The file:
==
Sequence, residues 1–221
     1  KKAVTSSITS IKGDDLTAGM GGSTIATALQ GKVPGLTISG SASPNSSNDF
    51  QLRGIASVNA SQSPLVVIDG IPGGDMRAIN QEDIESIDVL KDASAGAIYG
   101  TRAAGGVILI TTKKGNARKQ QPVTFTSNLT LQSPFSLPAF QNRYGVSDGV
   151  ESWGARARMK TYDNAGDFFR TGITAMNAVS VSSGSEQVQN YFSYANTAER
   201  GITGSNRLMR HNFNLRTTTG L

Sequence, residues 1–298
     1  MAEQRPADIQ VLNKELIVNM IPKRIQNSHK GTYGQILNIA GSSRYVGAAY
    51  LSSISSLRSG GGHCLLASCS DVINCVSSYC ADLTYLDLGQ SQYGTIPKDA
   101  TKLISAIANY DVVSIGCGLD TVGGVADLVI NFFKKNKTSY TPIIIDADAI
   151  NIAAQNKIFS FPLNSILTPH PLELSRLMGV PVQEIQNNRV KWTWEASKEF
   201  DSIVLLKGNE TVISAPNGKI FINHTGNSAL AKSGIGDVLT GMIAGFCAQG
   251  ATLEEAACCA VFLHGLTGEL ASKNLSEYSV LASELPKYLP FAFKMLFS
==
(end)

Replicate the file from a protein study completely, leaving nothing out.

Sequence, residues 1–221
     1  KKAVTSSITS IKGDDLTAGM GGSTIATALQ GKVPGLTISG SASPNSSNDF
    51  QLRGIASVNA SQSPLVVIDG IPGGDMRAIN QEDIESIDVL KDASAGAIYG
   101  TRAAGGVILI TTKKGNARKQ QPVTFTSNLT LQSPFSLPAF QNRYGVSDGV
   151  ESWGARARMK TYDNAGDFFR TGITAMNAVS VSSGSEQVQN YFSYANTAER
   201  GITGSNRLMR HNFNLRTTTG L

Sequence, residues 1–298
     1  MAEQRPADIQ VLNKELIVNM IPKRIQNSHK GTYGQILNIA GSSRYVGAAY
    51  LSSISSLRSG GGHCLLASCS DVINCVSSYC ADLTYLDLGQ SQYGTIPKDA
   101  TKLISAIANY DVVSIGCGLD TVGGVADLVI NFFKKNKTSY TPIIIDADAI
   151  NIAAQNKIFS FPLNSILTPH PLELSRLMGV PVQEIQNNRV KWTWEASKEF
   201  DSIVLLKGNE TVISAPNGKI FINHTGNSAL AKSGIGDVLT GMIAGFCAQG
   251  ATLEEAACCA VFLHGLTGEL ASKNLSEYSV LASELPKYLP FAFKMLFS